If you spend any amount of time commuting to work, you know schlepping heavy bags is just a part of the deal. We have laptops, snacks, books, and beauty products to carry. Even our reusable tote has its own tote. It’s what MinkeeBlue founder and designer Sherrill Mosee calls the “overload bag syndrome.” Between her purse, a bag for her lunch, and another one for her gym clothes, she was frustrated with carrying multiple bags on the train for her daily commute. But unlike the rest of us who resort to uselessly complaining or — less uselessly — shelling out for chiropractor appointments, Mosee turned her frustration into a fascination — and a successful handbag brand.
“I started to pay more attention to what and how other women carried everything they needed for the day,” Mosee says. “I saw shoes playing peek-a-boo from a plastic grocery bag inside of a larger bag. There was fruit and foiled wrappings inside a disheveled open bag. When I couldn’t find one bag to carry everything I needed for the day, I decided I would be the one to make an organizational bag that was stylish and functional.”
A successful crowdfunding campaign, two utility patents, and almost a decade later, Mosee has solved all our bag problems. These days, she helps women all over the world stay organized with her products, and you can shop her bags at Macy’s. For Black History Month, the retailer is spotlighting Mosee’s brand, as well as other Black-owned brands, as part of its Mission Every One commitment to amplify diverse voices. We chatted with Mosee about how she got her start, what success means to her, and the importance of uplifting Black-owned businesses.
On finding her calling:
Mosee wasn’t always in the business of bags, but helping women has always been at the core of what she does. Before striking out on her own, she ran a nonprofit organization that raised funding to help low-income moms in college pay for childcare expenses. It was there that a seed began to form.
“I would see the moms coming into my office struggling with their diaper bag and book bag,” she says. “I realized I was doing the same thing commuting to work.” Her solution? Designing one quality bag that would replace all others, ultimately ending the “three-bag schlep.”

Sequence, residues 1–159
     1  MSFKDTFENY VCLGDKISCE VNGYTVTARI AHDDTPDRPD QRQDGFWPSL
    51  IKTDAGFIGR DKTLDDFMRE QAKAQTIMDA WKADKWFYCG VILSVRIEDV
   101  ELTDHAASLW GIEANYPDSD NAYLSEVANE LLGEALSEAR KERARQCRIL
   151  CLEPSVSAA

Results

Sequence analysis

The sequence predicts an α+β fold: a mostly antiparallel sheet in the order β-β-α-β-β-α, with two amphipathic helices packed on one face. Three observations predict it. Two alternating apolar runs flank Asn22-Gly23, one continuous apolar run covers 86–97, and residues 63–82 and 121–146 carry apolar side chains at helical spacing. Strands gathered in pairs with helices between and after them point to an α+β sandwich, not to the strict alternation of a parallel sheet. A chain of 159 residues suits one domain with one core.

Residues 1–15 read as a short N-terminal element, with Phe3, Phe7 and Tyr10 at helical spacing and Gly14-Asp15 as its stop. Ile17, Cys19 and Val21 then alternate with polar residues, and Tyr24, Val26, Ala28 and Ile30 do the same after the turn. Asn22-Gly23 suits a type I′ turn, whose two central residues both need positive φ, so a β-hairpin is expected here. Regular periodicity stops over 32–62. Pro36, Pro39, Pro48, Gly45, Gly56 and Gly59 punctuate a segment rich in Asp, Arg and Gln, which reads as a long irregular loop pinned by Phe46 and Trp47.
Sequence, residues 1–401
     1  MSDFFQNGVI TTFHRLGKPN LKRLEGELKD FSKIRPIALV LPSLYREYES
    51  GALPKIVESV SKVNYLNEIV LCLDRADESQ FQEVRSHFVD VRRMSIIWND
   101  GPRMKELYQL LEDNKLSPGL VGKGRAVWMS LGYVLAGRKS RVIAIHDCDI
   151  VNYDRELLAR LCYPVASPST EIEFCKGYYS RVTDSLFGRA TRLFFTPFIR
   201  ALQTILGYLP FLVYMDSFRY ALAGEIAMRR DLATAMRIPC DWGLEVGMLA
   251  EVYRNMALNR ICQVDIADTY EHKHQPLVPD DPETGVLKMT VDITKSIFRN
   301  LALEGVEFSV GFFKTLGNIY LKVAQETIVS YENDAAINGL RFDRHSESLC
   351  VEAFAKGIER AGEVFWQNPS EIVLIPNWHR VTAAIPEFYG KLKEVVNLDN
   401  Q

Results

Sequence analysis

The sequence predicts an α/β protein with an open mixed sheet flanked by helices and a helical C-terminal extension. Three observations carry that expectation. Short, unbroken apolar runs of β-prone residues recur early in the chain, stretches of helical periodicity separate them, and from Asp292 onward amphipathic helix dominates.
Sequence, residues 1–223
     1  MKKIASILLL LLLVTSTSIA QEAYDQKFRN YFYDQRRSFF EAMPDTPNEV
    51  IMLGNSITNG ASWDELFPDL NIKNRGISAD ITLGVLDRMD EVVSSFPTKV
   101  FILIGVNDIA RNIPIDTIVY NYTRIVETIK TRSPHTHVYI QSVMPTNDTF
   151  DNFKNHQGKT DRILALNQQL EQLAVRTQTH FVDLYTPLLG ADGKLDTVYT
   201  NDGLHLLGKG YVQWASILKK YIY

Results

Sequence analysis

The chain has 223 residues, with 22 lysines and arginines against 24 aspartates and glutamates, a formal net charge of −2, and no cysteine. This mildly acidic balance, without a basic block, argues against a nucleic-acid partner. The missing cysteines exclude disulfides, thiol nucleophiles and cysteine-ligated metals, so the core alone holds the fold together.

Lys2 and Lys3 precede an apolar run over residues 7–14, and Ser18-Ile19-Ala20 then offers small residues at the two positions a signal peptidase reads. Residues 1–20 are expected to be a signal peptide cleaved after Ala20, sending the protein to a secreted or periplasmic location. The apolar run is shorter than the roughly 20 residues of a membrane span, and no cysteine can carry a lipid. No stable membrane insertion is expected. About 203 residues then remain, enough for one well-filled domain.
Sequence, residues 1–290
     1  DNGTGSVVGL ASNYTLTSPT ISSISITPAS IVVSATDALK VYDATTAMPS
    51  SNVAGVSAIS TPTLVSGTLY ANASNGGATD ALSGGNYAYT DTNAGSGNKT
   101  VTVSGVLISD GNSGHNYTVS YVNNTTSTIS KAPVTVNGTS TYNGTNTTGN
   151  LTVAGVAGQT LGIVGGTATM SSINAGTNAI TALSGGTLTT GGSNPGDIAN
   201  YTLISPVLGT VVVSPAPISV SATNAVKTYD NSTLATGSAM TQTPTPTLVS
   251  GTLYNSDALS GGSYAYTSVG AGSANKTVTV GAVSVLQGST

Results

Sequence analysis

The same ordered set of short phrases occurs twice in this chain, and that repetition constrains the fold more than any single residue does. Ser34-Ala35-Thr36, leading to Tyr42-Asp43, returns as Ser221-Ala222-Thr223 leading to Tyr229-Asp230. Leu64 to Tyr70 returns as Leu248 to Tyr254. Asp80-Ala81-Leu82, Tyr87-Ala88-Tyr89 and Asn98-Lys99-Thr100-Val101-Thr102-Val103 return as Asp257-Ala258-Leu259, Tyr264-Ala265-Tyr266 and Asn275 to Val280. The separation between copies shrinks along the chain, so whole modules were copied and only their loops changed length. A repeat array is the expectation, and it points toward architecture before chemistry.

Mosee knew she wanted her products to fuse purpose, functionality, and style — and she had just the right background to get started: A master’s degree in engineering. “Engineering is all about solving problems,” she says. “I put my degree to work to design my patented folding shelf in the middle of the bag to structurally hold items on the top shelf without collapsing. Every detail in one of MinkeeBlue’s bags is designed to make travel a little bit easier, from the folding shelf to the insulated lunch bag to shoe bag to the key fob.”
On creating her own opportunities:
Mosee understands firsthand the challenges female business owners face, especially Black female business owners. She credits her ongoing zeal in propelling her forward. “I like to say I have passion sprinkled with a little obsession. That’s my extra kick!” It’s worked for her. To date, Mosee has successfully pitched her brand in multiple national TV spots (including a live shopping competition show!) and secured two utility patents for her designs.
But any underrepresented entrepreneur will tell you that sheer will can only get you so far. You have to recognize the people who not only understand the importance of giving you a seat at the table, but who will also pull out the chair for you. And Mosee has been smart enough to gravitate toward those willing to give her a chance since the beginning.
“Historically, it’s been difficult for small brands, especially minority-owned brands, to partner with a big retailer at any stage,” she says. “Macy’s recognized these barriers years ago, and with its DEI initiatives that support and prepare small business owners to work with big retailers, we have access to people and resources that have previously been out of reach.”
In 2021, Mosee graduated from The Workshop at Macy’s, the retailer’s vendor accelerator program for underrepresented entrepreneurs, and soon after secured a deal to stock MinkeeBlue at Macy’s. For someone who used to walk through the retailer’s handbag department back in 2014 and say to herself, “My bags will be here one day,” it’s truly a full circle moment for Mosee.
On paying it forward:
She may be the main character of her own story, but Mosee is quick to acknowledge she’s had a lot of supporting roles around her. After all, it’s never a one-woman show. “Growing a successful business takes grit, perseverance, commitment, determination, and commitment — and it involves mentors, peers, and team support.” That’s why she’ll happily play the supporting role to somebody else’s main character if it means helping other business owners like herself find success. “I believe it’s really important that we lift each other up,” she says.
This Black History Month, she’ll be packing her MinkeeBlue bag with Black-owned products — everything from shoes to accessories to beauty products — and sharing all about it on social media. In fact, many of the brands she loves supporting are also available at Macy’s, including Smash Shoes, Oma The Label, Simone I. Smith and BEN ŎNI. “When one wins, we all win.”
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